|Publication number||US5755041 A|
|Application number||US 08/848,140|
|Publication date||May 26, 1998|
|Filing date||Apr 28, 1997|
|Priority date||Jul 1, 1996|
|Also published as||DE69723622D1, DE69723622T2, EP0816551A2, EP0816551A3, EP0816551B1, US5651192|
|Publication number||08848140, 848140, US 5755041 A, US 5755041A, US-A-5755041, US5755041 A, US5755041A|
|Inventors||Steven A. Horwitz|
|Original Assignee||White Consolidated Industries, Inc.|
|Export Citation||BiBTeX, EndNote, RefMan|
|Patent Citations (15), Referenced by (53), Classifications (9), Legal Events (7)|
|External Links: USPTO, USPTO Assignment, Espacenet|
This is a division of application Ser. No. 08/674,025, filed Jul. 1, 1996 U.S. Pat. No. 5,651,192.
The present invention relates to infrared temperature sensing for drying devices, and particularly for clothes dryers.
Poorly controlled or inaccurate control systems for clothes dryers can lead to burnt or scorched garments, or underdried garments. Typically, such conditions result from inadequate measurement of drying temperatures.
In an attempt to achieve better drying results, prior artisans have utilized moisture sensors, usually in combination with other sensors, to determine when a drying cycle is complete. Alternately, or in addition, prior art dryer systems have utilized a timer which is set according to characteristics of the dryer load. Unfortunately, neither of these techniques enables accurate measurement of drying temperatures. And so, burnt or underdried garments still result. Thus, there is a need for a system enabling more accurate measurement of drying temperature, and particularly the temperature of the garments themselves, to avoid the prior art problems of overdrying and underdrying.
Inaccurate measurement of drying temperature also leads to energy waste when the drying device runs longer than necessary. This is of significant importance in view of increasing environmental concerns and rising energy costs. This creates an additional need for a system that accurately monitors drying temperatures to minimize dryer operating costs and energy waste.
The present invention achieves all of the foregoing objectives and provides a dryer comprising an infrared sensing device that measures and indicates the temperature of articles in the dryer. Specifically, the present invention provides a rotatable drum dryer comprising an infrared sensing device that provides either an analog or digital signal representative of the temperature of articles in the dryer. The infrared sensing device may also provide a visual indication of the temperature of articles in the dryer. Also encompassed within the present invention is a rotatable drum dryer utilizing two such infrared sensing devices.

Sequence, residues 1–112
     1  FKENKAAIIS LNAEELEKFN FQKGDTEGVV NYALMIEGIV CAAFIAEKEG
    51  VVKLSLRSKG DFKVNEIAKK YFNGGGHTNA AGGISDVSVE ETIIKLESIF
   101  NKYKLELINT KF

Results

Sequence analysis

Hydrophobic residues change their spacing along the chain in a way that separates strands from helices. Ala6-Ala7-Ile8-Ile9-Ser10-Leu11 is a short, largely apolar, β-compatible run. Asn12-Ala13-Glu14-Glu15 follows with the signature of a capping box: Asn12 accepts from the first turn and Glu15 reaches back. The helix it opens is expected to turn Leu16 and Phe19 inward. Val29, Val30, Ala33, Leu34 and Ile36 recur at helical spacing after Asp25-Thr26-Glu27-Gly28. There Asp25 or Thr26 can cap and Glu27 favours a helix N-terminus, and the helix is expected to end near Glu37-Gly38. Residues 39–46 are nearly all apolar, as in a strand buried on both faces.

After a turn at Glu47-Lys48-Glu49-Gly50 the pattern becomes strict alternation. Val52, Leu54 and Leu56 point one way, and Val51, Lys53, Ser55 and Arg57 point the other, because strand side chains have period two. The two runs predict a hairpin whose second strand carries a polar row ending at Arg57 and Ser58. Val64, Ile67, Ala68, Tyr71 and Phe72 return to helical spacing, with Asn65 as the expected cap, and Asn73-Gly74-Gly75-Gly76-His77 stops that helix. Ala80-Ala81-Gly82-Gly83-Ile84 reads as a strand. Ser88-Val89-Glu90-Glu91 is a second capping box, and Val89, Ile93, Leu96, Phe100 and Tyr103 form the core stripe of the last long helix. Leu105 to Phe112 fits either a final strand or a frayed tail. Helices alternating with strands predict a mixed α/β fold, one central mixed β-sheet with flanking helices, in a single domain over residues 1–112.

The invention further provides a dryer control system comprising an infrared sensing device in combination with other sensors. In particular, the present invention provides a control system utilizing the infrared sensing device in combination with a temperature sensor exposed to air in the dryer inlet or a temperature sensor exposed to air in the dryer outlet, and optionally, a second infrared sensing device.
Also provided by the present invention are methods for determining drying cycle completion utilizing infrared measurement of articles being dried. The methods for determining drying cycle completion include comparing the rate of temperature increase of articles in the dryer with one or more preset or predetermined values. Also included is a technique in which the temperature of articles in the dryer is compared to a preset temperature value.
The invention further provides a method for controlling drying temperature by comparing the temperatures of articles in the dryer and dryer exhaust with predetermined setpoint values and idealized time curves. The invention provides another method for controlling drying temperatures by use of a ratio of two drying parameters determined from a particular combination of measurement inputs.
FIG. 1 is a schematic illustrating the major components of the temperature sensing system of the present invention;
FIG. 2 is an elevational view of a typical dryer drum comprising two infrared temperature sensors in accordance with the preferred embodiment of the present invention;
FIG. 3 is a cross-section taken along line 3--3 in FIG. 2, illustrating the sensor view and garments typically disposed within the drying drum;
FIG. 4 is a flowchart of a most preferred control scheme in accordance with the present invention for controlling drying temperature;